Scientific Advisory Panel
To ensure that we fund only the highest quality of scientific and medical research, we have a scientific advisory panel made up of internationally renowned researchers. They provide an invaluable source of guidance and advice and help shape our research strategy. You can find out about them below.
Professor Patrick Maxwell FMedSci – Chairman
Patrick Maxwell is Regius Professor of Physics and Head of the School of Clinical Medicine at the University of Cambridge.
As a clinician scientist he has been centrally involved in a series of discoveries that have revealed how changes in oxygenation are sensed, and how genetic alterations cause kidney disease.
Patrick is a Fellow of the Royal College of Physicians and the Academy of Medical Sciences, Director of Cambridge University Health Partners and a Non-Executive Director of Cambridge University Hospitals, Cambridge Enterprise, Scottish Mortgage Investment Trust and the International Biotechnology Trust. He is Chair of the Medical Schools Council.
Professor David Katz – Special Academic Advisor
Professor David Katz is an Emeritus Professor of Immunopathology at University College London (UCL). His long-standing research interest has been in antigen presentation, in particular the role of dendritic cells in the induction of immune responses in health and disease. His joint research group (with Professor Benny Chain) was internationally recognised for original work investigating how these cells function, and how they can be injured, leading to immunopathology.
He edits the International Journal of Experimental Pathology and for 16 years he served on Fitness to Practice Panels, chairing many Tribunals for the Medical Practitioners Tribunal Service. David is the joint lead on UCL medical ethics grand round presentations and was on the GMC Advisory Panel on End of Life issues. He is currently co-deputy chair of the British Medical Association’s Medical Academic Staff Committee (MASC).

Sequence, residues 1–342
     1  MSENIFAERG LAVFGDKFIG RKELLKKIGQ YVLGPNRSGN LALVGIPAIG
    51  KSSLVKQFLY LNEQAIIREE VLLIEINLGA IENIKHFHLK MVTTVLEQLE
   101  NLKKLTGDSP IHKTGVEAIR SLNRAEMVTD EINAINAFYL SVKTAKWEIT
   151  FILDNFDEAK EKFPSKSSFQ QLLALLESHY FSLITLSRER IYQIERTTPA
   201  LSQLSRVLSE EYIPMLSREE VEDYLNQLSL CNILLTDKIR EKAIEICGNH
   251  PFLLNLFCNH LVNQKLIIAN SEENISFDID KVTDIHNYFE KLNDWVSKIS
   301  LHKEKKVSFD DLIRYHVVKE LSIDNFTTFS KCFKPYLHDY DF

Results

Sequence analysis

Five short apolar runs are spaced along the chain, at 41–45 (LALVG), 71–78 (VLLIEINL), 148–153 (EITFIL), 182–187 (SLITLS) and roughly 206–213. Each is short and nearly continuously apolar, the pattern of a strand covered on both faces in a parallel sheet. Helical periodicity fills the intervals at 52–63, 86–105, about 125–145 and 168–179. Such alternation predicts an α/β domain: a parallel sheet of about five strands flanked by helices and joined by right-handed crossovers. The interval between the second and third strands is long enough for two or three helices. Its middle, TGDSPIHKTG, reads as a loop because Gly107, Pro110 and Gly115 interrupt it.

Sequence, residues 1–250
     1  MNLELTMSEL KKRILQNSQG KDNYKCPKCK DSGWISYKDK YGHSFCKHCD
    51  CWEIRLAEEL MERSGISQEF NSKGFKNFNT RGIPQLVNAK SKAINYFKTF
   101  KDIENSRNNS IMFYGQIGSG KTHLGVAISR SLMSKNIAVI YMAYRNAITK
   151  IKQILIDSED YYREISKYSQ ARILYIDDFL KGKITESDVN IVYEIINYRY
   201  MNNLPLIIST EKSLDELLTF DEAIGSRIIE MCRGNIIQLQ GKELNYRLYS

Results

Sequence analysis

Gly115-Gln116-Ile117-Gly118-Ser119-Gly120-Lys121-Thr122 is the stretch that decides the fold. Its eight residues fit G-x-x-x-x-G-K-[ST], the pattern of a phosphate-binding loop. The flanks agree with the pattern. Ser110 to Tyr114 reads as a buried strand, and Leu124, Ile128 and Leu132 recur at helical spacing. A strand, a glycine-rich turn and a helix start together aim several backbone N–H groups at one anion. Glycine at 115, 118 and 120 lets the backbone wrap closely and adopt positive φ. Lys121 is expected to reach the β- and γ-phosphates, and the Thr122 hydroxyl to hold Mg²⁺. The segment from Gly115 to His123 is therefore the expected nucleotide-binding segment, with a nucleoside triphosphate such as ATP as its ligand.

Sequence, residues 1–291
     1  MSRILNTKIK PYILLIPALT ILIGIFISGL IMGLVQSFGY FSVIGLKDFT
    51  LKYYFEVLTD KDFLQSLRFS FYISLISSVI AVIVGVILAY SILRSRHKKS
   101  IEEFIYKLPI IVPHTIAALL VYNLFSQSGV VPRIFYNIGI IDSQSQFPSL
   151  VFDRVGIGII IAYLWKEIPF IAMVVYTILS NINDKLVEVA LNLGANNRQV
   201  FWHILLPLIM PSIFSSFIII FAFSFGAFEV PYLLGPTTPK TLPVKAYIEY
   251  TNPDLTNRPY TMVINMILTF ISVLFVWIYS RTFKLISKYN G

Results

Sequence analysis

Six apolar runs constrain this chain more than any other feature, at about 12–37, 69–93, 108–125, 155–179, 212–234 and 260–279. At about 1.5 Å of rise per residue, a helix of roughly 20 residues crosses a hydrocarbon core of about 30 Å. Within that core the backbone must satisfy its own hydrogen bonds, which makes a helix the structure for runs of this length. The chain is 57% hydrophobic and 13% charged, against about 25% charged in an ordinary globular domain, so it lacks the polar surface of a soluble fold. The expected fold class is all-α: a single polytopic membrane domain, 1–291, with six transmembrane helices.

Professor Roger Barker FMedSci
Roger Barker is the Professor of Clinical Neuroscience at the University of Cambridge and Consultant Neurologist at the Addenbrooke’s Hospital Cambridge. He is a guest professor at the University of Lund, Sweden and a Principal Investigator (PI) in the MRC-Wellcome Trust Stem Cell Institute in Cambridge. For the last 25 years, he has run research that seeks to better define the clinical heterogeneity of two common neurodegenerative disorders of the CNS – namely Parkinson’s (PD) and Huntington’s disease (HD). This has helped him define the best way by which to take new therapies into the clinic. In this respect, he has been heavily involved in gene and cell-based trials for patients with these conditions and currently co-ordinates an EU-funded transplant programme using human fetal tissue for patients with PD, following on from an earlier MRC funded trial using similar tissue in HD. He is part of a global initiative (GFORCE-PD) that is seeking to take stem cells to trial in these disorders.
Professor Áine McKnight
Áine is Professor of Viral Pathology at Queen Mary University of London, Faculty of Medicine and Dentistry (since 2006). She began her career with the study of human and non-human primate retroviruses focussing mainly on Human and Simian Immunodeficiency viruses (HIV-1, HIV-2 and SIVs). Her earliest work involved studies on the antibody mediated neutralization of HIV for vaccine development. A Wellcome Trust early research scientist award and an MRC Senior fellowship were the main drivers for her independent research into post-entry cellular factors that orchestrate the cell’s intrinsic immunity to viruses. Currently, her group studies the molecular details of the steps in the HIV replication cycle targeted by anti-viral factors in cells. She used a whole genome siRNA screening approach to identify cellular factors and pathways involved in anti-viral responses to HIV infection. She currently uses transcriptomic, epigenomic and proteomics approaches to gain deeper insight into the global interactions of host cells and virus infection. During the 2020 SARS-CoV-2 pandemic she repurposed her group to study the neutralization of and the virus-host interactions of SARs viruses.Áine McKnight
Professor Farzin Farzaneh